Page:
Thanos Kanatsoulis: FEA (Finite Element Analysis) for wind turbine blades and tower

The Finite Element Method (FEM) is a numerical method for solving problems of engineering and mathematical physics. In the FEM, the structural system is modeled by a set of appropriate finite elements, interconnected at points called nodes. Elements may have similar physical properties with materials such as thickness, coefficient of thermal expansion, density, Young’s modulus, shear modulus and Poisson’s ratio. The FEM is used for problems with complicated geometries, loadings, and material properties where analytical solutions cannot be obtained. The method can predict the performance and behavior of the design and identify the weakness of the design accurately, in order to find the optimal design. The first part of this presentation is a design of wind turbine blades and tower on Solidworks 3D CAD platform. On this part we will discover the design methods of the mesh-like elements, as well as focus on the analysis method that is going to be used in order to find out the mechanical resistibility of the structures. Through the finite element analysis of the structure we can find out, not only the resistibility, but also the stress concentration of each part of the design.

The second part includes the finite element simulation. The simulation in Solidworks uses the displacement formulation of the finite element method to calculate component displacements, strains and stresses under external loads that are calculated on the first part, based on real data collected by the NTUA lab. The data is based on a HP turbine at the small wind test site of NTUA. The exact geometry during the meshing process is known by the program and the more accurately the mesh matches the product geometry, the more accurate the analysis results will be. The analysis of the parts is a static stress analysis that relies on the external load calculated on the first part. The point is to ensure the geometry remains in the linear elastic range and does not enter the plastic range. Consequently, using the appropriate data and design, we can find out the exact effect in our final result.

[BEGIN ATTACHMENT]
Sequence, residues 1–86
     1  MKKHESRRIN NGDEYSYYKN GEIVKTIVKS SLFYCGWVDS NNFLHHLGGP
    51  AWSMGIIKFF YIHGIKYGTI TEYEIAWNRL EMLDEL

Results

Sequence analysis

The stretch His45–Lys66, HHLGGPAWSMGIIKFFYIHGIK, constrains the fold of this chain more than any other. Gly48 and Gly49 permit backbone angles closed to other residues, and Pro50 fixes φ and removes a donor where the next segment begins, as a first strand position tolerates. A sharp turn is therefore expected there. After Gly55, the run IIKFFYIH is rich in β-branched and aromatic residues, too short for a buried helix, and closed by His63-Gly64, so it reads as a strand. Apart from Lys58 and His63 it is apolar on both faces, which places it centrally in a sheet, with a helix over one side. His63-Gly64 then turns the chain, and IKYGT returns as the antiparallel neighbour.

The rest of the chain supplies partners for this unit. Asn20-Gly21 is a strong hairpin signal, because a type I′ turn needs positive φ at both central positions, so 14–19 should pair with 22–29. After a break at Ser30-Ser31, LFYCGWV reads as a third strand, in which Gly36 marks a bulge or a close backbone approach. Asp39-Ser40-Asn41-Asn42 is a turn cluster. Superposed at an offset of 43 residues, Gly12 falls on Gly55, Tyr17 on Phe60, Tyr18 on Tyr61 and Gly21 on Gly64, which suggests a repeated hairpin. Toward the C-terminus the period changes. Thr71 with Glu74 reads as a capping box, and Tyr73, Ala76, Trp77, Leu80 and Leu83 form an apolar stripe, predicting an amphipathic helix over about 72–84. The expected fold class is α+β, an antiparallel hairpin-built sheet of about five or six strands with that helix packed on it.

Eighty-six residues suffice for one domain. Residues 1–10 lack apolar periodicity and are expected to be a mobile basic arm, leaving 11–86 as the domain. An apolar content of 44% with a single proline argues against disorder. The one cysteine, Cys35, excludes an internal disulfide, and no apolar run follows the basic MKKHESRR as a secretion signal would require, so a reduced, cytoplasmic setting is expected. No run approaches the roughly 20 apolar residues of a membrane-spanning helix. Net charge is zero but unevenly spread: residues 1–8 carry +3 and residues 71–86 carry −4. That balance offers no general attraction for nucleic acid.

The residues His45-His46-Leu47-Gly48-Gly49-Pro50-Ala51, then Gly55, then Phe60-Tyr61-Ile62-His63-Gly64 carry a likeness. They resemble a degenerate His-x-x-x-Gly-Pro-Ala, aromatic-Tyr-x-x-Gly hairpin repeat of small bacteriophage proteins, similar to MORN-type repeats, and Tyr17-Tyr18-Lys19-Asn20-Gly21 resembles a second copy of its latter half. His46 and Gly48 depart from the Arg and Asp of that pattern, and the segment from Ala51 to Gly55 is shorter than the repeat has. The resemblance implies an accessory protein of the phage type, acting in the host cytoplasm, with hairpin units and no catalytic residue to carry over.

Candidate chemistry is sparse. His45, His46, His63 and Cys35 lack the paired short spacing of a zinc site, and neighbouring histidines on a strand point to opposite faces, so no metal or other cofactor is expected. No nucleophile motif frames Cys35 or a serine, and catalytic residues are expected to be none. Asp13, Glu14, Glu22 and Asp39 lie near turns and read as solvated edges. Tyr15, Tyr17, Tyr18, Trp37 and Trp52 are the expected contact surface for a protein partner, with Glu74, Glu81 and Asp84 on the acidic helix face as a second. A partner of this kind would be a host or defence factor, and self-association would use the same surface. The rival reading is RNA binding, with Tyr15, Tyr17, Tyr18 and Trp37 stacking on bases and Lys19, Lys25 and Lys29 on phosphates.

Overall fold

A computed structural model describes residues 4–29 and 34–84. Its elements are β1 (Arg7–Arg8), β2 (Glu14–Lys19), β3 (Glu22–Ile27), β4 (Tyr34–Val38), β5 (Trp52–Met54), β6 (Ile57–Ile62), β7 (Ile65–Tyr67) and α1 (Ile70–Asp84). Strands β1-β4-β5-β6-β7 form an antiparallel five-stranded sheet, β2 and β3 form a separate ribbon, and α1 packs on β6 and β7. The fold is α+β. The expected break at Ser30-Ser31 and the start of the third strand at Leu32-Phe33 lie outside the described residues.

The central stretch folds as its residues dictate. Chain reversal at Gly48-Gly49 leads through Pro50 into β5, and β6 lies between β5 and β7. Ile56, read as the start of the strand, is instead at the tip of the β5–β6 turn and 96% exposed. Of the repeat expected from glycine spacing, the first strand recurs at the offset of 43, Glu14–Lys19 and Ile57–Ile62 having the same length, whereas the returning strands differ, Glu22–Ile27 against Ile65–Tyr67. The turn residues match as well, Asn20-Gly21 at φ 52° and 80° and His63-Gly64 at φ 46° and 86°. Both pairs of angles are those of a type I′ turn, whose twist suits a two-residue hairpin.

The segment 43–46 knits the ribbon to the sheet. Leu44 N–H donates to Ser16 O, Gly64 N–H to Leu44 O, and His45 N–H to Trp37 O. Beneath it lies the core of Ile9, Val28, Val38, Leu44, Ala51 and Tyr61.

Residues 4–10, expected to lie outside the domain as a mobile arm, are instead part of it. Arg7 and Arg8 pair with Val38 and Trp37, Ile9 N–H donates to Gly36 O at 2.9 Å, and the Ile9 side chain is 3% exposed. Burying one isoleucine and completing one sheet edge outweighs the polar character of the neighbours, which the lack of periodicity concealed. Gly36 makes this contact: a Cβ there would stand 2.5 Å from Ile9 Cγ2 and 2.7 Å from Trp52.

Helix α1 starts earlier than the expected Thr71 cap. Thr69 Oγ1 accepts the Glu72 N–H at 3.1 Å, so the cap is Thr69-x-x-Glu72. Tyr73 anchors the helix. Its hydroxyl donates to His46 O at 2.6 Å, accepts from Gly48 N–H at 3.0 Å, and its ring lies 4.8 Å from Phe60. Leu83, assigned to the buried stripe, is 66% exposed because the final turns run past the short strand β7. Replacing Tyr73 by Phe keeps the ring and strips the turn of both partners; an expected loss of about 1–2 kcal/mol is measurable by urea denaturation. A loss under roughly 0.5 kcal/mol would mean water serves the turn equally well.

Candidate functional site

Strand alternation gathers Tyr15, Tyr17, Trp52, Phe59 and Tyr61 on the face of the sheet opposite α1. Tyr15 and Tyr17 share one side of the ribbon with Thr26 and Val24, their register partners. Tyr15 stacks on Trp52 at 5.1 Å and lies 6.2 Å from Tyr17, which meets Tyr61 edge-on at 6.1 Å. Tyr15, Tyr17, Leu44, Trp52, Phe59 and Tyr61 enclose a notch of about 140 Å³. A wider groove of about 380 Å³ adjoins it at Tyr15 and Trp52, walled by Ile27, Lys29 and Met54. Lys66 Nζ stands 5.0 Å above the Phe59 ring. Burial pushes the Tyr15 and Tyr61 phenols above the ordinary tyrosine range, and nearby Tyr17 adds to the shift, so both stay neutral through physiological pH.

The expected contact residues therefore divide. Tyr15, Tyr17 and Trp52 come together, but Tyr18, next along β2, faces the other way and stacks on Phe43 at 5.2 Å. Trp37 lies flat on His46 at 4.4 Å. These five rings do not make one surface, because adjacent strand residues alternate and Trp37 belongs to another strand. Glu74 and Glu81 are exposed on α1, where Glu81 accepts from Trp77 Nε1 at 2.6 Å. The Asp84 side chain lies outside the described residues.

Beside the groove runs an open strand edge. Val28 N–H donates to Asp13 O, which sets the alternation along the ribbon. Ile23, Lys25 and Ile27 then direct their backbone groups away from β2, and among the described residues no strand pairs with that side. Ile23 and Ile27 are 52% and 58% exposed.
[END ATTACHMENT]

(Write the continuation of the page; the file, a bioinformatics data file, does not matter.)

As far as the tower is concerned, a dynamic test called the ‘frequency test’ is also held. Every design has its preferred frequencies of vibration, called resonant frequencies, and these frequencies are characterized by a specific shape (or mode) of vibration. The frequency analysis in our simulation uses an Eigen value approach to determine the natural modes of vibration for any geometry. If a design’s natural mode and expected service vibration environment are closely matched, a harmonic resonance may occur, leading to excessive loads which will result in failure. The tower should be designed in such a way that its natural frequency (fn) does not coincide with the excitation frequencies (such as the rotor’s rotation speed (frotor), and the number of blade times frotor (fbp)).